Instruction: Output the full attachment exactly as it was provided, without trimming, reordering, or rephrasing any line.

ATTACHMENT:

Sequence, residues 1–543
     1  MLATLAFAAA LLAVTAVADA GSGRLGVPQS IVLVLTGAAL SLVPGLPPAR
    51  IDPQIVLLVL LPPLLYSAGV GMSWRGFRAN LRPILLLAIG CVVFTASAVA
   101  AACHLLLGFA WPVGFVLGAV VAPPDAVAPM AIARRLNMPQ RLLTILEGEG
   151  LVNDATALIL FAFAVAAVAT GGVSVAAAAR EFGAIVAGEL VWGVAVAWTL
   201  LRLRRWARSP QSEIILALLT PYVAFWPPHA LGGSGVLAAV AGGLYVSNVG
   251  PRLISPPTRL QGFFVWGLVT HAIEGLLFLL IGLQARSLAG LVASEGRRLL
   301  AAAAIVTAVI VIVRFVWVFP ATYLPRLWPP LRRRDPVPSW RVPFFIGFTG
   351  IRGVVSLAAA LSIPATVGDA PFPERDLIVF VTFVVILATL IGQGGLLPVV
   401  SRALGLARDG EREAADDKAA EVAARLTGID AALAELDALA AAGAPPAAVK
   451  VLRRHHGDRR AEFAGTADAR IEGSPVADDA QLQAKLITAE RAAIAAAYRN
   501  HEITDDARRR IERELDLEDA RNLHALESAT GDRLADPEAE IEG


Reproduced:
Sequence, residues 1–543
     1  MLATLAFAAA LLAVTAVADA GSGRLGVPQS IVLVLTGAAL SLVPGLPPAR
    51  IDPQIVLLVL LPPLLYSAGV GMSWRGFRAN LRPILLLAIG CVVFTASAVA
   101  AACHLLLGFA WPVGFVLGAV VAPPDAVAPM AIARRLNMPQ RLLTILEGEG
   151  LVNDATALIL FAFAVAAVAT GGVSVAAAAR EFGAIVAGEL VWGVAVAWTL
   201  LRLRRWARSP QSEIILALLT PYVAFWPPHA LGGSGVLAAV AGGLYVSNVG
   251  PRLISPPTRL QGFFVWGLVT HAIEGLLFLL IGLQARSLAG LVASEGRRLL
   301  AAAAIVTAVI VIVRFVWVFP ATYLPRLWPP LRRRDPVPSW RVPFFIGFTG
   351  IRGVVSLAAA LSIPATVGDA PFPERDLIVF VTFVVILATL IGQGGLLPVV
   401  SRALGLARDG EREAADDKAA EVAARLTGID AALAELDALA AAGAPPAAVK
   451  VLRRHHGDRR AEFAGTADAR IEGSPVADDA QLQAKLITAE RAAIAAAYRN
   501  HEITDDARRR IERELDLEDA RNLHALESAT GDRLADPEAE IEG